My rating: 5 of 5 stars
First the good news: this book has no line drawings of dodgy looking bearded men. You can also leave it on the bookshelf when your parents come round for tea.
Unfortunately the strap line on the cover of the book is How to Find Health, Happiness and Creative Energy Through a Worldwide Treasure Hunt. If there is anything that will stop a Brit, and probably most Europeans, opening a book it is twaddle of this ilk. However I realise that Americans seem to need this schmaltz – here we are the Chicken Soup for the Geocacher’s Soul!
But wait, it gets worse … the introduction actually contains a story of how Geocaching saves someone’s life. I kid you not! At this stage most readers will surely be reaching for the sick-bucket.
But wait, stay with it. The book that follows this very questionable opening is actually quite good. That was my initial reaction after a couple of chapters. Half-way through I was beginning to revise my opinion and thought the book rather good. By the time I’d finished it, my conclusion was that the book is very good indeed. So what does it contain?
Well just about everything that the budding geocacher needs really. It covers all of the basics – buying a GPSr, navigating geocaching.com, planning a trip, the different types of hides and geocaches, navigation and etiquette. It also covers the social side of the sport, plus specialist branches such as power trails and extreme caching.
One aspect that is commendable is the coverage of technology and the features of geocaching.com. However both move on at a pace and will necessitate future revisions of the book. The extensive coverage of GSAK is a bit galling for Mac owners though.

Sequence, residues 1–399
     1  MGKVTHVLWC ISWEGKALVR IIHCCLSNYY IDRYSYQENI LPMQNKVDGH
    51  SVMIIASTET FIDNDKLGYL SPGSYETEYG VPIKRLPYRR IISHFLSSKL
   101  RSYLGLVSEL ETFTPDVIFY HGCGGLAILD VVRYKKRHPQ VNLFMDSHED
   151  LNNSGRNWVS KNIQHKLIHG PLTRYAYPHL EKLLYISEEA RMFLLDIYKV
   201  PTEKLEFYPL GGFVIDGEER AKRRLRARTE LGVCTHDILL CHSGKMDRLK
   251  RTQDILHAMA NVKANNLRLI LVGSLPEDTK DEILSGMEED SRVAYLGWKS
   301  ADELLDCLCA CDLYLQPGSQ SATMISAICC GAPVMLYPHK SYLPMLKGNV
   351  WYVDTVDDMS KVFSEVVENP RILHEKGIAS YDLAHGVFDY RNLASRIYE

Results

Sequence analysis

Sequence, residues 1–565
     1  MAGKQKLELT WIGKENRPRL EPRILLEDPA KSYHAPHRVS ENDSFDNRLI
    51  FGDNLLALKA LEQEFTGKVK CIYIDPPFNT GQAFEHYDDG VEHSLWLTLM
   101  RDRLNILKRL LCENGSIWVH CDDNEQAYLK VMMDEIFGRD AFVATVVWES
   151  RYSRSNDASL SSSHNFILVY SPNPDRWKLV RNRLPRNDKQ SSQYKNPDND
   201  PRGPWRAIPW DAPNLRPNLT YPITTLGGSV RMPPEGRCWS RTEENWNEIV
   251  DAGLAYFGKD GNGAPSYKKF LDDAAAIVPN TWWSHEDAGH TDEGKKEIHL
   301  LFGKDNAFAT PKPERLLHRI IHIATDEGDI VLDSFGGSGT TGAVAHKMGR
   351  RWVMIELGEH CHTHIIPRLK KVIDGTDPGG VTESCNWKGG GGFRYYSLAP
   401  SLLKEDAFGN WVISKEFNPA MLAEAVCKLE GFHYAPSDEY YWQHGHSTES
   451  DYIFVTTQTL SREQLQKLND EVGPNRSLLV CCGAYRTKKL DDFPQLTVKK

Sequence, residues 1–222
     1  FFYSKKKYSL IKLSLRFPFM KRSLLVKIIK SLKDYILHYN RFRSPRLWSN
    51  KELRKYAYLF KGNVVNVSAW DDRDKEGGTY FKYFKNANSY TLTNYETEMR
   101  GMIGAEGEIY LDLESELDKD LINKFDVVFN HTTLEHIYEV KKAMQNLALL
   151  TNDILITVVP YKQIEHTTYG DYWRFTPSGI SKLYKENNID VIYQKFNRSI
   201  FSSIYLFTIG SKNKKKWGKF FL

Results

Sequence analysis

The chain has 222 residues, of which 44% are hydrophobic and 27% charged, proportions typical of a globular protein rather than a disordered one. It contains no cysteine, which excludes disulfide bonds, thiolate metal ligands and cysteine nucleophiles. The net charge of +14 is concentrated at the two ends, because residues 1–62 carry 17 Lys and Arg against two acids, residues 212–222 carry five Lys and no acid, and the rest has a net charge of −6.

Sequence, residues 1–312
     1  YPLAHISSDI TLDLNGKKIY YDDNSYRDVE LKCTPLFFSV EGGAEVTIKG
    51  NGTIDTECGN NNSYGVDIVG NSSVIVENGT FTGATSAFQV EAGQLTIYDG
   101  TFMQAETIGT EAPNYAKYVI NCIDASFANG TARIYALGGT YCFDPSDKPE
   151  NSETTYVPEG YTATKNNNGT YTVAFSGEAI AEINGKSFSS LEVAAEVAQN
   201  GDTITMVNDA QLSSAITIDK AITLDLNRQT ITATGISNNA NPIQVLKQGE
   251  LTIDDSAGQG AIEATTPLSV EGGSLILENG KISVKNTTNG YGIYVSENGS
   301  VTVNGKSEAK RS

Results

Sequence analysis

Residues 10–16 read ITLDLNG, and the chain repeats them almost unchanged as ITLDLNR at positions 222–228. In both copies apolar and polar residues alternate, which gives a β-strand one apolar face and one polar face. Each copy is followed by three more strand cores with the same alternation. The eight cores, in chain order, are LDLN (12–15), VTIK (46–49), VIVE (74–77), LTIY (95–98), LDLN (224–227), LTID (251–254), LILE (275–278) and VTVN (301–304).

The true strength of the book is the way that the hobby is brought to life by Waypoints and Cacher Profiles in the book. The authors use real life examples and anecdotes from enthusiasts to illustrate why this is such a fun hobby. The authors have made some excellent choices to represent geocaching and deserve a lot of credit for this. I read the book over several months – its layout facilitates this and I enjoyed dipping in and out and reading short sections. This is a well thought-through book that is extremely well written.
So what are my criticisms of the book? There are some minor sections that are disappointing – for example the sections on letterboxing and orienteering. However my biggest criticism would be that the book is too US-centric. It would definitely be improving by widening its coverage, and probably sell more copies too. Of course this is a general sin of American media, but the Podcacher podcast is a great example of how an international perspective can be a strength.
I love geocaching, but view it as a fun hobby rather than a source of health, happiness and creative energy. Although in reality all three probably do apply, just I wouldn’t articulate such things. So after reading the book what are my thoughts? Firstly this is a well researched and excellently written book. Secondly it captures the hobby perfectly. Thirdly it illustrates why so many geocachers enjoy the hobby and get so much out of it. Finally it handles the basics perfectly, yet is equally enjoyable for the experienced geocacher.
I enjoyed reading the book and learnt from it. I also laughed at some of the anecdotes, recognizing some of them from my own experiences. I am not a beginner – I have over 1000 finds and 40 hides. That the book caters for the absolute beginner and also for me is quite an achievement. As I read the book, I thought ‘I should write a book about geocaching’. However if I dedicated a year of my life full-time to writing a book it would not be a patch on this one, so why bother?
I bought this book last summer in Cape Cod, mainly because I wanted to read about geocaching. The only other books I’d seen at the time were The Complete Idiot’s Guide to Geocaching and Geocaching for Dummies. Quite frankly if you buy one of those books in preference to this one, you’d be both an idiot and a dummy.